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£3-million hardship grant set up for struggling clergy and lay workers

09 May 2022

Alamy

“Praye Remeber the Poore”: a collection box inside St Nicholas’s, Poling, West Sussex

“Praye Remeber the Poore”: a collection box inside St Nicholas’s, Poling, West Sussex

THE Church Commissioners have set aside a pot of £3 million to boost the stipends of struggling clergy.

The hardship fund, announced on Monday, will be distributed to diocesan boards of finance, or nominated local discretionary funds, in two phases, the Church Times understands. The first phase of £2.5 million will be allocated by the Archbishops’ Council through block grants based on the number of stipendiary clergy in the applying diocese as stated in the latest Ministry Statistics (2020).

Dioceses will be able to request up to their full allocation based on these numbers, and are invited to request additional funding if further support is needed. This additional funding will be granted in the second phase out of the remaining £500,000.

Applicants for hardship grants are invited from stipendiary clergy, including curates; self-supporting ministers in a house-for-duty arrangement; salaried lay workers employed by the diocese or parishes, such as youth and children’s workers; and retired clerics “carrying out a specific role in support of diocesan ministry as agreed by or at the request of a bishop or archdeacon”.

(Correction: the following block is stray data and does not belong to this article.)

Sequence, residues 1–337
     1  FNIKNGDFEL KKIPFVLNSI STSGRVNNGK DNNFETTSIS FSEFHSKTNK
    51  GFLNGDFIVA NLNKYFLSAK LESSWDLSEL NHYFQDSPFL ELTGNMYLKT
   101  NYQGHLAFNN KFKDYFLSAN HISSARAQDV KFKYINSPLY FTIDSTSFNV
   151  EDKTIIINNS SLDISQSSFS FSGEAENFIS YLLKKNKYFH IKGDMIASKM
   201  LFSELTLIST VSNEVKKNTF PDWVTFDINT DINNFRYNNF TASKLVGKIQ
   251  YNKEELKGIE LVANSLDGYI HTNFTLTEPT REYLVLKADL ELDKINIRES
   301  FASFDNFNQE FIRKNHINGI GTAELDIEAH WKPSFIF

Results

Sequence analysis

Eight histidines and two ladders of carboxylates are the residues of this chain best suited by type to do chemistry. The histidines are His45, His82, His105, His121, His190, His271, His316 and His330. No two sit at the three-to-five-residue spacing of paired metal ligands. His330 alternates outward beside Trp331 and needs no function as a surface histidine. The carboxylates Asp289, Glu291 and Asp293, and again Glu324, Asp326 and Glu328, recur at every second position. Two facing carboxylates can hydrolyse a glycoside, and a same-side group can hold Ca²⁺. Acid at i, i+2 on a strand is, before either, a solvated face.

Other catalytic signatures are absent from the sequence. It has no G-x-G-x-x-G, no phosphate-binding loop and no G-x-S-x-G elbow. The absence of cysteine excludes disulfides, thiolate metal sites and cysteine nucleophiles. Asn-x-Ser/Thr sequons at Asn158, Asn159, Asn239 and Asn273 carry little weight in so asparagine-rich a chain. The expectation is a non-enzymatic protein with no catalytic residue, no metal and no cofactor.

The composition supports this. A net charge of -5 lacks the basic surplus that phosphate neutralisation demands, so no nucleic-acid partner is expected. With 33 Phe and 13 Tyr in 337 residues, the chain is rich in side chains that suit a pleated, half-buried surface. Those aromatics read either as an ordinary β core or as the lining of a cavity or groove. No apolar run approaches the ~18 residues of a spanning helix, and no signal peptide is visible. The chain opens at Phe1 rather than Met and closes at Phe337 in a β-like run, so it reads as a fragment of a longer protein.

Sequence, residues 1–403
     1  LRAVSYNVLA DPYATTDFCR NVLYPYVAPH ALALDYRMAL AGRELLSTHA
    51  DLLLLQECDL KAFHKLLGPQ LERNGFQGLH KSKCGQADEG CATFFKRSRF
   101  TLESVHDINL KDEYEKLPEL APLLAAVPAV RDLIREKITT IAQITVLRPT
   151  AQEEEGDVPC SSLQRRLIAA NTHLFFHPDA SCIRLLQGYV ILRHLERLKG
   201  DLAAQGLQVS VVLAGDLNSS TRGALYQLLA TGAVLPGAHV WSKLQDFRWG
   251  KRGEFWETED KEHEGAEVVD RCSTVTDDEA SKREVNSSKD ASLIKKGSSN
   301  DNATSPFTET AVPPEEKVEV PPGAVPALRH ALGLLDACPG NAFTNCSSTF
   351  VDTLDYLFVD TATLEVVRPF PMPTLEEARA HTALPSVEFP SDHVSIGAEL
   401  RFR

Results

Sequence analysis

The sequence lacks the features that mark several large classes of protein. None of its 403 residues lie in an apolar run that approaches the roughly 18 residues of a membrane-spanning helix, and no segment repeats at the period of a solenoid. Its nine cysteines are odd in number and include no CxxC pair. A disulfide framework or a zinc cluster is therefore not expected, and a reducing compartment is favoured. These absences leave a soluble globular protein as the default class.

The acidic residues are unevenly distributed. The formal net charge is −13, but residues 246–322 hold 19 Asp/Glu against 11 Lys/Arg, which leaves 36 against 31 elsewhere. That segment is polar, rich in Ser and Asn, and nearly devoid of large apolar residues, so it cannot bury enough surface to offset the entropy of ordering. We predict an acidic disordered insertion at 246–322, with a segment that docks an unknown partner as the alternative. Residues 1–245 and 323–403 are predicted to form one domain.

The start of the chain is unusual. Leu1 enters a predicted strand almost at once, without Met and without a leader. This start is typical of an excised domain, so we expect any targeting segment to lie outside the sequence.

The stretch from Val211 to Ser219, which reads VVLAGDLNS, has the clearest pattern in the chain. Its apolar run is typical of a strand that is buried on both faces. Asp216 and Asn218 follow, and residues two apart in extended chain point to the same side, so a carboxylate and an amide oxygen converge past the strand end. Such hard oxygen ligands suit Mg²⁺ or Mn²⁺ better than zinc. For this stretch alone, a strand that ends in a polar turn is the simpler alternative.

Clergy stipends are now far adrift from their pre-Covid, pre-inflation value. Last June, when inflation had already quadrupled to 2.5 per cent in one year, a review of the remuneration package for stipendiary clergy officeholders in parochial ministry concluded that stipend levels were adequate for most clergy and therefore need not change (News, 25 June 2021; Features, 2 July 2021).

It was acknowledged, none the less, that, although two-thirds of the 3700 clerics who took part in the accompanying survey said that they were “living comfortably or doing all right”, one quarter said that they were “just getting by”, and 13 per cent were finding it “quite or very difficult to manage”.

Clergy with two or more children and no additional household income were more likely to report finding it difficult to manage financially. Those with disabilities, and UK minority-ethnic (UKME) clergy, were more likely to report that they were experiencing financial hardship, although the finding for the latter group was based on a small data sample.

The Clergy Renumeration Review, which was later noted by the General Synod (News, 18 February), concluded that, while pay would remain unchanged, targeted support was needed for these groups.

Since the review, inflation has soared, currently standing at seven per cent per annum, and expected to rise further. In addition, church finances have been hit by rising fuel costs and the 1.25-per-cent hike in employees’ National Insurance contributions (News, 24 September 2021).

The chair of the finance committee of the Archbishops’ Council, John Spence, said on Monday: “We know that a significant number face a challenge over the coming months in the face of the rising cost of living. Dioceses will be given additional resources to ensure that not only clergy but those lay workers such as youth and children’s workers most in need of financial support will receive the help they need.”

It is understood that inflation and the rising cost of living will be considered by the Archbishops’ Council and dioceses when they set 2023 stipend levels later this year.

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